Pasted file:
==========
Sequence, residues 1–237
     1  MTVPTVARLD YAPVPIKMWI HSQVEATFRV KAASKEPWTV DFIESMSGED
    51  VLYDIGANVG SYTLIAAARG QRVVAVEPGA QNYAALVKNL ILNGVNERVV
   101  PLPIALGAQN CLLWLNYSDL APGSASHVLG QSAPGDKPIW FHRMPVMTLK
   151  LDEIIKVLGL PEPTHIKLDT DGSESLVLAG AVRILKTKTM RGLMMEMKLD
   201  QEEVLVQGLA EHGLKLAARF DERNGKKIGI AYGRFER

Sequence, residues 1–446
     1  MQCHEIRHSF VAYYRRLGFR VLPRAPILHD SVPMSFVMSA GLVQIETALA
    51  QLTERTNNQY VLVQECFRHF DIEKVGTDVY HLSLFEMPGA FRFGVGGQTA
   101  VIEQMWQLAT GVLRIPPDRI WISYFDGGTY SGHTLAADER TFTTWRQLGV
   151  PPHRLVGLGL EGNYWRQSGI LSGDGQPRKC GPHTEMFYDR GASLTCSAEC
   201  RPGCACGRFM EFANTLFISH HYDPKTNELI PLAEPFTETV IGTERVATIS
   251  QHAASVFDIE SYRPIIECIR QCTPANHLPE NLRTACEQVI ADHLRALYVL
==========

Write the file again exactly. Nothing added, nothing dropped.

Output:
Sequence, residues 1–237
     1  MTVPTVARLD YAPVPIKMWI HSQVEATFRV KAASKEPWTV DFIESMSGED
    51  VLYDIGANVG SYTLIAAARG QRVVAVEPGA QNYAALVKNL ILNGVNERVV
   101  PLPIALGAQN CLLWLNYSDL APGSASHVLG QSAPGDKPIW FHRMPVMTLK
   151  LDEIIKVLGL PEPTHIKLDT DGSESLVLAG AVRILKTKTM RGLMMEMKLD
   201  QEEVLVQGLA EHGLKLAARF DERNGKKIGI AYGRFER

Sequence, residues 1–446
     1  MQCHEIRHSF VAYYRRLGFR VLPRAPILHD SVPMSFVMSA GLVQIETALA
    51  QLTERTNNQY VLVQECFRHF DIEKVGTDVY HLSLFEMPGA FRFGVGGQTA
   101  VIEQMWQLAT GVLRIPPDRI WISYFDGGTY SGHTLAADER TFTTWRQLGV
   151  PPHRLVGLGL EGNYWRQSGI LSGDGQPRKC GPHTEMFYDR GASLTCSAEC
   201  RPGCACGRFM EFANTLFISH HYDPKTNELI PLAEPFTETV IGTERVATIS
   251  QHAASVFDIE SYRPIIECIR QCTPANHLPE NLRTACEQVI ADHLRALYVL